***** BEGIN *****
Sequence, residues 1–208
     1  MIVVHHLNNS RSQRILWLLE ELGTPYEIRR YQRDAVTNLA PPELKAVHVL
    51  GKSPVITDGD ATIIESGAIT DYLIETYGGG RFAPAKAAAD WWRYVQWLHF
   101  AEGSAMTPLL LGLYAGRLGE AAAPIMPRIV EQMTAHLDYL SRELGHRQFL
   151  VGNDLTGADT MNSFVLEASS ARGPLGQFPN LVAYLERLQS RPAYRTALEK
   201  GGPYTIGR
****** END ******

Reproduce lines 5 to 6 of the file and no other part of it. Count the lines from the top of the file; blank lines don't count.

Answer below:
   151  VGNDLTGADT MNSFVLEASS ARGPLGQFPN LVAYLERLQS RPAYRTALEK
   201  GGPYTIGR